- Second, selecting a fixed number of nodes to aggregate from allows us to control the memory footprint of the algorithm during training.
Our proposed random walk-based approach leads to a 46% performance gain over the traditional K-hop graph neighborhood method in our offline evaluation metrics.
3. Efficient MapReduce inference
Given a fully-trained GCN model, it is still challenging to directly apply the trained model to generate embeddings for all nodes, including those that were not seen during training. Naively computing embeddings for nodes with localized covolutions leads to repeated computations caused by the overlap between K-hop neighborhoods of nodes.
We observe that the bottom-up aggregation (see Figure 1) of node embeddings very nicely lends itself to MapReduce computational model if we decompose each aggregation step across all nodes into three operations in MapReduce, i.e., map, join, and reduce. Simply put, for each aggregation step, we use map to project all nodes to the latent space without any duplicated computations, and then join to send them to the corresponding upper-level nodes on the hierarchy, and finally reduce to perform the aggregation to get the embedding for the upper-level nodes. Our efficient MapReduce-based inference enables generating embeddings for billions of nodes within a few hours on a cluster a few hundred instances.
We implement and evaluate PinSage on Pinterest data — our bipartite Pin-board graph with visual and annotation embeddings as input features. The visual embeddings we use are from a state-of-the-art convolutional neural network deployed at Pinterest. Annotation embeddings are trained using a Word2Vec-based production model at Pinterest, where the context of an annotation consists of other annotations that are associated with each Pin. We evaluate the performance of PinSage against the following content-based deep learning baselines that generate embeddings of Pins:
- Visual embeddings (Visual): Uses nearest neighbors of deep visual embeddings (described above) for recommendations.
- Annotation embeddings (Annot.): Recommends based on nearest neighbors in terms of annotation embeddings (described above).
- Combined embeddings (Combined): Recommends based on concatenating above visual and annotation embeddings, and using a 2-layer multi-layer perceptron to compute embeddings that capture both visual and annotation features. It is trained with the exact same data and loss function as PinSage.
Note that the visual and annotation embeddings we use are state-of-the-art content-based systems currently deployed at Pinterest to generate representations of Pins. We do not compare against other deep learning baselines from the literature simply due to the scale of our problem.
We compare the performance of various approaches in terms of Pin-to-Pin recommendation using Recall as well as Mean Reciprocal Rank (MRR) as the metrics. PinSage outperforms the top baseline by 40% absolute (150% relative) in terms of Recall and also 22% absolute (60% relative) in terms of MRR.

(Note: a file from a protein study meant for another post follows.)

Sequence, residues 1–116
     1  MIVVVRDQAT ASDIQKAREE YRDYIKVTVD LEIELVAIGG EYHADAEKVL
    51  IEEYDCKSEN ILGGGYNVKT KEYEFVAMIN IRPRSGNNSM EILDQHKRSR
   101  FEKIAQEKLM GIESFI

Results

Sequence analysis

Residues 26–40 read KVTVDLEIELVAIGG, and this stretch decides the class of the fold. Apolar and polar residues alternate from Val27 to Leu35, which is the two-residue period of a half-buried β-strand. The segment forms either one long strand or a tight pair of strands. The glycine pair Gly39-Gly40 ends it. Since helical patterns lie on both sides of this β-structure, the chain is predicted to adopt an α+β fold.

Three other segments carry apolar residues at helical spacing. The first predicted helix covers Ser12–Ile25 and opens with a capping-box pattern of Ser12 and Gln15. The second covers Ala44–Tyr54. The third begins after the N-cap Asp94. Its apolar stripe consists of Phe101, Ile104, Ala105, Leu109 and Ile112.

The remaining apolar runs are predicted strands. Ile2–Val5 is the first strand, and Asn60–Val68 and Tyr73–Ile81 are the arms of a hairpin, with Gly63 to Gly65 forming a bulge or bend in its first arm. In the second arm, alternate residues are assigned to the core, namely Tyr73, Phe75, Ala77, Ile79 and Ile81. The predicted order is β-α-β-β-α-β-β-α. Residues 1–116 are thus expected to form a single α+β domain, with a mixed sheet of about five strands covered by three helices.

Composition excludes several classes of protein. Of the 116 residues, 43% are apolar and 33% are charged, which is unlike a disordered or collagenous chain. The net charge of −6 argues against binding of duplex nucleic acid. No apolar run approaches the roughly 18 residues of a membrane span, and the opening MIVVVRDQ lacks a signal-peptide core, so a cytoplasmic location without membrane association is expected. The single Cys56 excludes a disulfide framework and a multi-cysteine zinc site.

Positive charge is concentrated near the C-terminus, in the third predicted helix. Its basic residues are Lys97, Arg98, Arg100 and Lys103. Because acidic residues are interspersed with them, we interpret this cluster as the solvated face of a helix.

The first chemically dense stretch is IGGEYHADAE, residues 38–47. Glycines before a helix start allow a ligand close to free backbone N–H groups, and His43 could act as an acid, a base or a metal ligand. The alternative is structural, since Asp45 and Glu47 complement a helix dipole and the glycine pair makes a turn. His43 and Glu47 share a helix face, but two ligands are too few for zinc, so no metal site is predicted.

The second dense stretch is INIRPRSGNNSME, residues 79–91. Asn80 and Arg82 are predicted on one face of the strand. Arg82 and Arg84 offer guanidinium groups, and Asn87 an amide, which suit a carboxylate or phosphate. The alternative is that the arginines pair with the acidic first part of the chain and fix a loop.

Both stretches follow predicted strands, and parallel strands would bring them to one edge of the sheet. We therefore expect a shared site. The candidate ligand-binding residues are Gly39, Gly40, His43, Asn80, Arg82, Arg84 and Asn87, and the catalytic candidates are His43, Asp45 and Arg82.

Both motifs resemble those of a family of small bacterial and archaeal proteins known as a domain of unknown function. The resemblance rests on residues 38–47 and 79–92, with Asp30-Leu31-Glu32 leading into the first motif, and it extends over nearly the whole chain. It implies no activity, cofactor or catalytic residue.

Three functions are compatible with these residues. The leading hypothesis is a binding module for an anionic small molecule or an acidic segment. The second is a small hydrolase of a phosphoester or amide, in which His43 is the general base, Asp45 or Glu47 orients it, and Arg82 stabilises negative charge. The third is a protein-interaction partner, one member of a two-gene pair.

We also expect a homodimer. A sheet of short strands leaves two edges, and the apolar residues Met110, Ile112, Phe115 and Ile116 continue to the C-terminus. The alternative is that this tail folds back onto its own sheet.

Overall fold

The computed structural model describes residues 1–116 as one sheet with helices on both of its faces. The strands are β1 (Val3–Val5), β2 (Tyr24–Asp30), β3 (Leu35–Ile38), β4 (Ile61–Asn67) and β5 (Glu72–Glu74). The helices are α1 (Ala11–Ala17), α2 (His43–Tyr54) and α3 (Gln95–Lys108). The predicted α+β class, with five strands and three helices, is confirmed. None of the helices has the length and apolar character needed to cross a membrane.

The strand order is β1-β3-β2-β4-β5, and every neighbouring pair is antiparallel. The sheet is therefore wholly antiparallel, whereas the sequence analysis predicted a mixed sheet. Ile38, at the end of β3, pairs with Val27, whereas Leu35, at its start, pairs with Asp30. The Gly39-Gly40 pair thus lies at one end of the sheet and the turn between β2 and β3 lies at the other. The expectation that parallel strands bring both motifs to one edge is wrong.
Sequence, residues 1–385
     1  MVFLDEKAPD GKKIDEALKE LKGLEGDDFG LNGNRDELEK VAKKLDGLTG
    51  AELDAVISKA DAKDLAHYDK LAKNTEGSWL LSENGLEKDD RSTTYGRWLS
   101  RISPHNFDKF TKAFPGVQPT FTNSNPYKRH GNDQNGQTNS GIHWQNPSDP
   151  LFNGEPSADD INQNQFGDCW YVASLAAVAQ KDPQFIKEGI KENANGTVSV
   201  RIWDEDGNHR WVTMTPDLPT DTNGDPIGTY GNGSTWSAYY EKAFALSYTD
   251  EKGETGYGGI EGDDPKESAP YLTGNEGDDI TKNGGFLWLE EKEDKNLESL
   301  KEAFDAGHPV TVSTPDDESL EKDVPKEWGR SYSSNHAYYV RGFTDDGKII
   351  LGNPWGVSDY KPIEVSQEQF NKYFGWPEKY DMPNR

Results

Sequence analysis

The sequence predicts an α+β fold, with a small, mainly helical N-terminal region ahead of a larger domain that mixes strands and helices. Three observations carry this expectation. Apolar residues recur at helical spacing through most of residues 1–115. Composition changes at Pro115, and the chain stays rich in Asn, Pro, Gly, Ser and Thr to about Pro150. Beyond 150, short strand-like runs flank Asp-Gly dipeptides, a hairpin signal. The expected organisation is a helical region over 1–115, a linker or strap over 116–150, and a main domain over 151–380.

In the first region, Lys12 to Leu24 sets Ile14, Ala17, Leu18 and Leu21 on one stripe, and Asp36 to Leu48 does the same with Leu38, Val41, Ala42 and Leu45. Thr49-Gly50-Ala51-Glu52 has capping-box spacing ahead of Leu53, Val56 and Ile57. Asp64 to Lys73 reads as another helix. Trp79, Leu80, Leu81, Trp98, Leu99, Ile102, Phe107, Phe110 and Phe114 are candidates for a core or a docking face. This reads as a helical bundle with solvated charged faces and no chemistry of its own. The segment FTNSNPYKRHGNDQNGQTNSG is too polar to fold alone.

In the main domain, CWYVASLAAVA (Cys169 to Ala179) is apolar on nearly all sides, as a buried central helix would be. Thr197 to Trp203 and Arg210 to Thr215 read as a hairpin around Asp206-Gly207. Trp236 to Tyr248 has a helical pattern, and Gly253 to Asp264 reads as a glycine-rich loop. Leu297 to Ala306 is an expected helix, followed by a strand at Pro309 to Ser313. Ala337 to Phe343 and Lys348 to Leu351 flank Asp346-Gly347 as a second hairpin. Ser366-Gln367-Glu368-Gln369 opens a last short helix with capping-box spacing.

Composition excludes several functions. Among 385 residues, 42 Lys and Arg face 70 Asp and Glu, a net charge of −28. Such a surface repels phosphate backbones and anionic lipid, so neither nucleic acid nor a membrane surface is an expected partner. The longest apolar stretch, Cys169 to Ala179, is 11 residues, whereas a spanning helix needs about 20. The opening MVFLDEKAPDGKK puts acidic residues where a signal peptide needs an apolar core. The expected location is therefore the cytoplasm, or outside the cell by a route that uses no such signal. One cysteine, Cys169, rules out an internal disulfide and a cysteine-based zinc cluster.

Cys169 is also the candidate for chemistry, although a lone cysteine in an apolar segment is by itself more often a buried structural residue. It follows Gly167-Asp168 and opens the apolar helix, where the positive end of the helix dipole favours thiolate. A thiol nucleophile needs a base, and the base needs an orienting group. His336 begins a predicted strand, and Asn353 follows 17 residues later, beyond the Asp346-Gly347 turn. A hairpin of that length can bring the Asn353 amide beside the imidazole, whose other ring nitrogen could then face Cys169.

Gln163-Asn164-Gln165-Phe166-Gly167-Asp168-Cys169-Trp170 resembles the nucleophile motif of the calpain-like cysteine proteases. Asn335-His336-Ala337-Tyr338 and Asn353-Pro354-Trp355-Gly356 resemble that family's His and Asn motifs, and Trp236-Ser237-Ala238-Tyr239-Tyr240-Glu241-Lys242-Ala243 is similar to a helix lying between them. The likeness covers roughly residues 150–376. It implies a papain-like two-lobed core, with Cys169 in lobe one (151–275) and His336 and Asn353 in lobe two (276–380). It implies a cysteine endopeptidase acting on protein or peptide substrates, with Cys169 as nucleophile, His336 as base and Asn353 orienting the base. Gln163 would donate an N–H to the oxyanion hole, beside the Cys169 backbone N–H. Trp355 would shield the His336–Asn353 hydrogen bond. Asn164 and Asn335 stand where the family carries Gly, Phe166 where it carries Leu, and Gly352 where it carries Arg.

We also investigate the effectiveness of PinSage by performing head-to-head comparison between different learned representations. In the study, a user is presented with an image of the query Pin, together with two Pins retrieved by two different recommendation algorithms. The user is then asked to choose which of the two candidate Pins, if either, is more related to the query Pin. Users are instructed to find various correlations between the recommended items and the query item, in aspects such as visual appearance, object category and personal identity. If both recommended items seem equally related, users have the option to choose “equal”. If no consensus is reached among 2/3 of users who rate the same question, we deem the result as inconclusive.
Table 1 shows the results of the head-to-head comparison between PinSage and 4 baselines. Here we include Pixie, a purely graph-based method that uses biased random walks to generate ranking scores by simulating random walks starting at query Pin. Items with top scores are retrieved as recommendations.
Among items for which the user has an opinion of which is more related, around 60% of the preferred items are recommended by PinSage. Figure 3 gives examples of recommendations and illustrates strengths and weaknesses of the different methods. Ultimately, combining both visual, textual and graph information, PinSage is able to find relevant items that are both visually and topically similar to the query item.
We developed PinSage, a random-walk Graph Convolutional Network that is highly-scalable and capable of learning embeddings for nodes in web-scale graphs containing billions of objects.
This work is supercharging the backend of product discovery and will power the future of shopping with Pinterest at scale.
We comprehensively evaluated the quality of the learned embeddings on a number of recommendation tasks, with offline metrics, user studies and A/B tests, all demonstrating a substantial improvement in recommendation performance, including a 25% increase on impressions for our Shop the Look product. For more details about PinSage, please read our SIGKDD ’18 paper. If you are interested in the type of work we do, join our teams!
Ruining He is a research scientist at Pinterest.
Acknowledgements: The core contributors to the PinSage work were Rex Ying, Ruining He, Kaifeng Chen, Pong Eksombatchai, William L. Hamilton, Jure Leskovec, and Chuck Rosenberg. Vitaliy Kulikov worked closely to serve PinSage embeddings via Locality Sensitive Hashing. Additionally, a number of engineers across the company including Sai Xiao, Raymond Hsu, Andrei Curelea, Ali Altaf, Stephanie Rogers, Jerry Zitao Liu, etc. helped make PinSage a success!